Many visitors (and would-be visitors) to the Antonine Wall World Heritage Site find the task of interpreting and understanding the visible archaeological remains somewhat challenging. Over a number of years in the role of Head of Multimedia in the Hunterian Museum, and as an Associate Lecturer with the School of Computing Science at the University of Glasgow, the author has been exploring ways of addressing this issue. Multimedia technologies have the potential to aid in the presentation and interpretation of archaeological sites, and their associated artefacts held in local museums collections, for a wide range of public audiences.

    The coming...

  20. 13 Digital Reconstruction and the Public Interpretation of Frontiers
    (pp. 119-128)
    R Michael Spearman

    The study and description of history is fundamentally a process of reconstructing the past: piecing together fragments of documents, buildings and artefacts to create a believable story or illustration of people, events and places. For heritage professionals this process and its associated debate is the stuff of history. For exhibition interpreters it is less the debate and more the conclusions that matter. For the majority of the public it is the story. Balancing these sometimes very different levels of interest has never been easy. An acceptable level of accuracy for one group can be a source of obfuscation for another....

  21. 14 Information, Disinformation and Downright Lies: Portraying the Romans
    (pp. 129-138)
    Mike Corbishley

    It is not difficult to find images of the Romans and information about Ancient Rome in contemporary sources. There are cartoons, picture books for young children, Hollywood films, television comedies, websites, school textbooks and popular histories for the general public, children’s toys and violent computer games. This chapter discusses why the Romans and their barbarian enemies have been badly or incorrectly portrayed so often and for so long. In the UK, school textbooks from the 19th century and throughout most of the 20th century have often failed to present what classical texts, archaeologists and historians have revealed. More than that,...

  22. 15 Romanes eunt Domus?
    (pp. 139-146)
    Don Henson

    Borders and boundaries are a natural part of every society. We place ourselves behind walls to separate ourselves from others as part of the creation of our identity. These borders can be physical or metaphorical. The most extreme form of border is one where the person looking out from behind the wall assumes a position of superiority over those on the outside. But not all borders have to take this form. Borders which are not physically manifest or only virtual may have a more neutral flavour. Physical proximity is often seen as a threat whereas detached observation at a distance...

  23. 16 The Living Frontier: the Passing of Time on Hadrian’s Wall
    (pp. 147-156)
    Richard Hingley

    This chapter explores the legacies of Hadrian’s Wall in the physical and cultural landscape of the north of England. It also addresses how we might develop a rather different appreciation of the archaeological significance of the Wall. Archaeological accounts tend to emphasise the construction of the Wall during the AD 120s and its disuse as a Roman frontier structure in the early fifth century (see for example Symonds and Mason 2009). It is clear, however, that this monument did not suddenly cease to exist when Roman Britain came to an end. An alternative approach suggests that the considerable significance of...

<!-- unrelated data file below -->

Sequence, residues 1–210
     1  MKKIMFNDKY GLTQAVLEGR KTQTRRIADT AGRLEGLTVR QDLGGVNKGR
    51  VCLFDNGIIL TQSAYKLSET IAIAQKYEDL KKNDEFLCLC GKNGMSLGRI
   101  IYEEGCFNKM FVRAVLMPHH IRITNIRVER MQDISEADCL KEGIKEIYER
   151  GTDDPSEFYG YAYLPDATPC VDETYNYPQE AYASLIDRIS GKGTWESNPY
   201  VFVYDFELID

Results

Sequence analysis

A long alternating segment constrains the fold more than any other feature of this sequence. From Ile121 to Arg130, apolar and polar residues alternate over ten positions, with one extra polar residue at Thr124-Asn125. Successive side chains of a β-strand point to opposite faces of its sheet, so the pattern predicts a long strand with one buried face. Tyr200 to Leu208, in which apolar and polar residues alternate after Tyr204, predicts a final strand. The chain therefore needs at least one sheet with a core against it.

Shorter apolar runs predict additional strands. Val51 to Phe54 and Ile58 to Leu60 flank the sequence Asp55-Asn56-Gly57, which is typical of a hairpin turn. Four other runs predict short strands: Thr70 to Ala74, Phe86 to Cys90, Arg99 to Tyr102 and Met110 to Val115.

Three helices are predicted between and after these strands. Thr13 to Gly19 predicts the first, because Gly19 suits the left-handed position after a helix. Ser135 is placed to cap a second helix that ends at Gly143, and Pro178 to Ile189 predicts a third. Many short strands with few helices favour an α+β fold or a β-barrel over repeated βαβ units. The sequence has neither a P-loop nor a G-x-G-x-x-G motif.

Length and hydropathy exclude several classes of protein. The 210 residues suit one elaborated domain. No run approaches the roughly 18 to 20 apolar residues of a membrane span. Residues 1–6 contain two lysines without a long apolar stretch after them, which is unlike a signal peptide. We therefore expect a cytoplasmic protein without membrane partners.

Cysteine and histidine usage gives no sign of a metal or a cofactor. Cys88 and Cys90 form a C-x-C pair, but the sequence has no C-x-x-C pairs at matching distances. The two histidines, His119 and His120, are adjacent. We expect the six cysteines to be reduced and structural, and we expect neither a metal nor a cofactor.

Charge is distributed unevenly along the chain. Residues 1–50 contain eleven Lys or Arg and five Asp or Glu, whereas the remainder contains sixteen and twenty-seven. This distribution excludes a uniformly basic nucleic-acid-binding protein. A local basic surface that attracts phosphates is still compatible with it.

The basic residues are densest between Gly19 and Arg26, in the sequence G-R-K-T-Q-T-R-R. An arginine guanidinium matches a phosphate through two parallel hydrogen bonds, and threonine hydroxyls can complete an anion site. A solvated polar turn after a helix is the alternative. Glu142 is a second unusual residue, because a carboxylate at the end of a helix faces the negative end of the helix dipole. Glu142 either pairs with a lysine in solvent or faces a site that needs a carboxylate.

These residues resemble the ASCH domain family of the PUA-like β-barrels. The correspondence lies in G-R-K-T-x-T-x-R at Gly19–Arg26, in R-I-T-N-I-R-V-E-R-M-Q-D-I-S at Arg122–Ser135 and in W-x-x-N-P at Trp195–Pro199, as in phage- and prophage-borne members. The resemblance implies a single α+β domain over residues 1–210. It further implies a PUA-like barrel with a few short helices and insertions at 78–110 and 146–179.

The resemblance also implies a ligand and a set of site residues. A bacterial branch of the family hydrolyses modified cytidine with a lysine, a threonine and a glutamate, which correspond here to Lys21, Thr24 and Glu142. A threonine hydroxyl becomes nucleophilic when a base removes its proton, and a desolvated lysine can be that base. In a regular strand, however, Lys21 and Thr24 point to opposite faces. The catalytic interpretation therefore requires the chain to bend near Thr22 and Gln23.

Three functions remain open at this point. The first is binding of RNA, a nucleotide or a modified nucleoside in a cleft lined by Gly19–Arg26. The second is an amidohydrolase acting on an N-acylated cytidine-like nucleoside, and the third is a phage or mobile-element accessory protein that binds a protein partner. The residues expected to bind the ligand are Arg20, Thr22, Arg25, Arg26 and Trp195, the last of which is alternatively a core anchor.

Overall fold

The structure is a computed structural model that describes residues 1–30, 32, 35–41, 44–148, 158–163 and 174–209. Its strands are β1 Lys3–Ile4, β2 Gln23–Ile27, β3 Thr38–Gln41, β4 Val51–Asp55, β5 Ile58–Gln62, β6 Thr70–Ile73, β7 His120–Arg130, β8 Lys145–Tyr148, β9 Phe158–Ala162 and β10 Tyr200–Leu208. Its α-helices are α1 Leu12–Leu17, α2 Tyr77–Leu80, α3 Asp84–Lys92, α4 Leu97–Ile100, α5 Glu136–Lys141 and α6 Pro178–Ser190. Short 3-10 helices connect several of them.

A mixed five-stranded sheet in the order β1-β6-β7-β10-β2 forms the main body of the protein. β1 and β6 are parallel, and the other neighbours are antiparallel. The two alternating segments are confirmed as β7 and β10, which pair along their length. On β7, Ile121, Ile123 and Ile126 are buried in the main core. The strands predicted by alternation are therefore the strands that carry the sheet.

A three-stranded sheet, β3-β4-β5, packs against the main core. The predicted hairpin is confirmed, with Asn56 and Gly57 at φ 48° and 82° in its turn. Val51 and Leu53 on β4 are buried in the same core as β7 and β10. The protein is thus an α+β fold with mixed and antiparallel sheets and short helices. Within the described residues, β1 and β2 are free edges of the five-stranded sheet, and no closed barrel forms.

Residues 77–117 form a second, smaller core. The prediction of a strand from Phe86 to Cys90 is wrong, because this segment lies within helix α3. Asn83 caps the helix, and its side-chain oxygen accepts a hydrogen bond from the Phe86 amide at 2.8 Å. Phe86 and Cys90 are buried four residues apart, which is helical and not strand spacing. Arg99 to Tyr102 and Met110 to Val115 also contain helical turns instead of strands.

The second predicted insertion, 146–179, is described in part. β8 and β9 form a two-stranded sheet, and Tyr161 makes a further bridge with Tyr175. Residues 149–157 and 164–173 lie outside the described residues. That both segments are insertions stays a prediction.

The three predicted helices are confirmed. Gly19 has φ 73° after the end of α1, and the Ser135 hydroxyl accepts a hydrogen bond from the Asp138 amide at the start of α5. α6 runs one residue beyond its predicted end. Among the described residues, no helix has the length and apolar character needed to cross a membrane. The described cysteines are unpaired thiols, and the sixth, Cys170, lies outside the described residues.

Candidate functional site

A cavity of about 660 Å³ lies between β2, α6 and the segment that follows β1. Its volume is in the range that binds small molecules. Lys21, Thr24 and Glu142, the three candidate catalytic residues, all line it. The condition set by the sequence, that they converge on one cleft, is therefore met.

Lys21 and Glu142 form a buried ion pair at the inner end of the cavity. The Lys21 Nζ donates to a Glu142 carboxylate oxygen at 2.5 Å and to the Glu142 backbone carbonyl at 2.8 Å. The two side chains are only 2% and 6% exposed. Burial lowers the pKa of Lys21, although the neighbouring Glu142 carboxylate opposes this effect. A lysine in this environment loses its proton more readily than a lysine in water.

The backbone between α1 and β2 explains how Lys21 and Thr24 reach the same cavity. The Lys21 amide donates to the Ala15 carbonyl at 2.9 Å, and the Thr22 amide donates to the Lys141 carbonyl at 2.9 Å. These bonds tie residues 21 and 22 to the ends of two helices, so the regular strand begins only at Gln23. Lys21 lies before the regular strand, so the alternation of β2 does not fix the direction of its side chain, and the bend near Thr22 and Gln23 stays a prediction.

24. 17 The Hadrian’s Wall Interpretation Framework: Audience Research
    (pp. 157-170)
    Genevieve Adkins, Nicky Holmes and Nigel Mills

    In 2009 Hadrian’s Wall Heritage (HWHL) commissioned the Centre for Interpretation Studies, Perth College-UHL and Zebra Square to carry out a programme of public engagement research as part of the process of developing the Hadrian’s Wall Interpretation Framework. The purpose of the research was to explore and measure the views of a number of different audiences and stakeholders, all of whom were important both to the future sustainability of Hadrian’s Wall as an overall attraction and to all of the individual sites and museums. The research was informed by the market data and audience research already in existence. As such,...

  25. 18 The Hadrian’s Wall Interpretation Framework
    (pp. 171-180)
    Nigel Mills and Genevieve Adkins

    All Year 7 pupils who attend Burnside Business and Enterprise College in Wallsend explore aspects of Hadrian’s Wall, including its history. The college is located near Segedunum Roman fort and was designed with a ground plan based on the shape of a flattened Roman legionary helmet. Roz Elliott is Deputy Head and, for her and her students, perhaps the most important aspect of the Wall and all that it represents is how it helps to promote community cohesion by providing a context through which to explore contemporary issues of identity and multiculturalism. The soldiers stationed at Segedunum and at other...

  26. 19 Applying the Hadrian’s Wall Interpretation Framework
    (pp. 181-192)
    Nigel Mills, Tim Padley, John Scott, Lucie Branczik and Genevieve Adkins

    Hadrian’s Wall is one of the greatest monuments of the ancient world. It tells us as much about ourselves as about the past. We should take pride in it and help unlock its potential to teach, inform and stimulate our own and future generations. The purpose of the Interpretation Framework (Adkins and Mills 2011) is to enable us to do just that; to create a structure within which more detailed strategic planning and coordination can take place and through which each site and museum can build on its own particular strengths and opportunities to create distinctive, differentiated and complementary experiences...

  27. List of Contributors
    (pp. 193-198)
  28. Index
    (pp. 199-204)
  29. Back Matter
    (pp. 205-207)